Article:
Red tape fear dogs finance scheme

16th May 1997 at 01:00
Government plans to reinvigorate public building programmes through a new streamlined private-sector initiative will make little difference to colleges, say managers.

They are sceptical about suggestions that bureaucracy can be cut and argue that were ministers to succeed, the red tape demanded by Europe would still be costly and time-consuming.

Ministers hope that plans unveiled in the Queen's Speech this week will encourage more partnerships between the public and private sectors, with industry taking a greater share of any risks involved.

A six-week review was launched last week by Geoffrey Robinson, Paymaster General and minister responsible for the public finance initiative, but it is generally felt that any resulting improvements will benefit the health service rather than education.

The nine pathfinding colleges involved in the original PFI, set up by former Chancellor Kenneth Clarke in 1992, insist that such reforms are largely unnecessary for most big projects.

Newbury College, one of the nine, this week unveiled details of a Pounds 20 million Lifetime Learning Campus on the outskirts of the town.

Planned for a 40-acre greenfield site by the A34, it is the first time a newly created learning institution will have been built in England under PFI rules.

Principal Gordon Bull told The TES: "We think the PFI is a good discipline because it makes you look realistically at the lifelong costings.

"There is a problem with bureaucracy, but how the Government plans to cut it I really cannot see."

Several college principals pointed to the paperwork required by Brussels -with its demand for a detailed explanation of the purposes for procurement and whether it is for business or service industry use - as a continuing handicap to PFI applications, no matter what the Government does.

The 21,000-student college is in urgent need of new buildings. Over a third of the accommodation is temporary, maintenance costs are soaring and the building would cost more to refurbish than to replace.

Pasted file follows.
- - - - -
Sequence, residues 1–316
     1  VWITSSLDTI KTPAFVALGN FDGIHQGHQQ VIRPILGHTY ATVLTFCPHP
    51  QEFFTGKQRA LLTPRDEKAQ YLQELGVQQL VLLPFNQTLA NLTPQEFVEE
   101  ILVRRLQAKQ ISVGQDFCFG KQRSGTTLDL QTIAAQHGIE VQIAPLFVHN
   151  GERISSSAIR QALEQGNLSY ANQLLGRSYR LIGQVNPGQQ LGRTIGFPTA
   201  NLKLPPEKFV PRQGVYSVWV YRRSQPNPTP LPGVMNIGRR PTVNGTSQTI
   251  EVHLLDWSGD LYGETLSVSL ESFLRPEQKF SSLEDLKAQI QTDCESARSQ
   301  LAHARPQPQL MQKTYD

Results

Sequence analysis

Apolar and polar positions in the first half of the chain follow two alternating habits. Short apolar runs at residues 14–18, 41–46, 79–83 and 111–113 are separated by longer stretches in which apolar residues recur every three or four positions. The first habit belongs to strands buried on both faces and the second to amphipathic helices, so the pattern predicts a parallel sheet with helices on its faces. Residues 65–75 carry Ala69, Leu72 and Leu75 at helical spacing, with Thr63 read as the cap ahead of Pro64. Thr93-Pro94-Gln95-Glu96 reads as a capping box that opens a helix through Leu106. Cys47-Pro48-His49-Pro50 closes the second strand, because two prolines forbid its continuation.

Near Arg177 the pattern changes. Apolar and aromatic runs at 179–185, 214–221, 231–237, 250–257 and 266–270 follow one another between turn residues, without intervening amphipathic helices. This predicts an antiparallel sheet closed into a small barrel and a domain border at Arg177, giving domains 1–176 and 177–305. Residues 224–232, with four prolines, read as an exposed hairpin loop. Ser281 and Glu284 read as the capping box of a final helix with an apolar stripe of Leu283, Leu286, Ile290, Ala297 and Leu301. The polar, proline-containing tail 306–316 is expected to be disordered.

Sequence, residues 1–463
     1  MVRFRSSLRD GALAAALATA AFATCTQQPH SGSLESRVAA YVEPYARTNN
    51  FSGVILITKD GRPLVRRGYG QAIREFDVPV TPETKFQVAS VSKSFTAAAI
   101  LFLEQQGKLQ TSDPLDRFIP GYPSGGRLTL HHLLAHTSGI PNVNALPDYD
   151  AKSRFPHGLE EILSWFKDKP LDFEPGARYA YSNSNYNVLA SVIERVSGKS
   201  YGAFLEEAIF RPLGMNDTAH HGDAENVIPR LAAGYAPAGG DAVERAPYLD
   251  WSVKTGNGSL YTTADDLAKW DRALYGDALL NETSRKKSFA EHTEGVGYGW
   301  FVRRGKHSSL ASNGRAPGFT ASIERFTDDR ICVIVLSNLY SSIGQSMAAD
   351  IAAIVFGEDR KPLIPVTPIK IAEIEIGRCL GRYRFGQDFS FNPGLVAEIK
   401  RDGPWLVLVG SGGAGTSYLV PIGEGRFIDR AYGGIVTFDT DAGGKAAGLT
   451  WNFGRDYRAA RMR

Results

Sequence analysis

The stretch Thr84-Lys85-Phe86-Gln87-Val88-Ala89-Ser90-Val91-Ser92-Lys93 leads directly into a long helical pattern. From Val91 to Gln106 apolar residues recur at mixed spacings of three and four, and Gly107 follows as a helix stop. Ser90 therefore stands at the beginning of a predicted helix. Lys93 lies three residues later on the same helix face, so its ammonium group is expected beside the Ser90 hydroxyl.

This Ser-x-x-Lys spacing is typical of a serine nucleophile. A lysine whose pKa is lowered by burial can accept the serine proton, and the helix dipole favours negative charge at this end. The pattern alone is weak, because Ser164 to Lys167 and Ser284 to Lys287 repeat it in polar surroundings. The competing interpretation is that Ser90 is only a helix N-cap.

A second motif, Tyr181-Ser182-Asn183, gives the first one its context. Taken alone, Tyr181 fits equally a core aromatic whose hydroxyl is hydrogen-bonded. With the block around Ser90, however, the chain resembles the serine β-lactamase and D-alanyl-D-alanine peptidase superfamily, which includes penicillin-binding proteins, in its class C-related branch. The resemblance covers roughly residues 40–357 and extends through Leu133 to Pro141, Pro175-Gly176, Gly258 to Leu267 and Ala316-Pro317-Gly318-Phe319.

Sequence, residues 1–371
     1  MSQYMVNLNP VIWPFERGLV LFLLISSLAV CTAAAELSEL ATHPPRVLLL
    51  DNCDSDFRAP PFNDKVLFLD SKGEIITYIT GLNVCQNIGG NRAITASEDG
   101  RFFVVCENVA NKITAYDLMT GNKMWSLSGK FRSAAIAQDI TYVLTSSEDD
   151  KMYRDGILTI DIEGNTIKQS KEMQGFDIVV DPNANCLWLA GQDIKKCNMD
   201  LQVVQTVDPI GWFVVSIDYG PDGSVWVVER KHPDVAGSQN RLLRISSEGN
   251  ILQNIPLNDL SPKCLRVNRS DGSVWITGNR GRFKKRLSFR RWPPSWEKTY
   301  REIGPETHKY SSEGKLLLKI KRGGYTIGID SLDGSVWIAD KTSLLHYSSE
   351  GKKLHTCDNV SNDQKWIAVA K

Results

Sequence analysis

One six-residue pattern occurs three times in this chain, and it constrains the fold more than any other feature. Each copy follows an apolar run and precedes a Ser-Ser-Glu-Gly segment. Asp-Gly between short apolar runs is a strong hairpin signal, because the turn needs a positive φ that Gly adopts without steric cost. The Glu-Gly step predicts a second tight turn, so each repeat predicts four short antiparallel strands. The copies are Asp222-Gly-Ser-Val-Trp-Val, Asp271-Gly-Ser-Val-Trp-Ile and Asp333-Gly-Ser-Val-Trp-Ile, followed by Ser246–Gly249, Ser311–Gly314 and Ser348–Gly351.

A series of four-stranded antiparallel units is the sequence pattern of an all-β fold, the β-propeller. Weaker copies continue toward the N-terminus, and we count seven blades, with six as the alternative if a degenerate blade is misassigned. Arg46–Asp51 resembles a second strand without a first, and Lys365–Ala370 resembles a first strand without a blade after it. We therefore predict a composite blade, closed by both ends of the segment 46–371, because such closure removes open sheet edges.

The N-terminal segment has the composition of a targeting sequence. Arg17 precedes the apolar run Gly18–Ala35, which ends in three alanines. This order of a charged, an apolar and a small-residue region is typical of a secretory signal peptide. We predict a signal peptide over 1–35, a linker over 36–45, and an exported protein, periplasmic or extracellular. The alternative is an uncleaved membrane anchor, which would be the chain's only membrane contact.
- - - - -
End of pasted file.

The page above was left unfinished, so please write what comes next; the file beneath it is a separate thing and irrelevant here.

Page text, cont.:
Mr Bull wants a PFI partner to design, build, finance and operate a core 9,000 square metre college. There will be "shared use" of a planned residential management and development centre, plus sports and leisure facilities.

New building work also started this week at Yale College in north-east Wales. It is part of a programme to transform what was a sixth-form college into a fully fledged tertiary college, expanding student numbers from 3,000 to 4,000 by the year 2000.

But after testing the need for PFI, the principal, Emlyn Jones decided the college could manage the project more cheaply itself.

Companies that had made bids were not taking a due share of risks. Nor were they offering services for buildings, maintenance, cleaning and office work that the college did not provide already, he said.

"Going through the PFI process was costly and time-consuming, but it helped clarify our situation and taught us how we could do it more cheaply," said Mr Jones.

Most of the work needed on college buildings is for general maintenance and refurbishment costing less than Pounds 5 million, for which colleges may not need to use the PFI and can borrow from the banks.

But one principal said: "This is often the toughest nut to crack. At the end of the day, we want to know what the Government will do to assist us without incurring costly debts."

He recommended use of National Lottery money as suggested for schools by Graham Lane, education chair of the Local Government Association.

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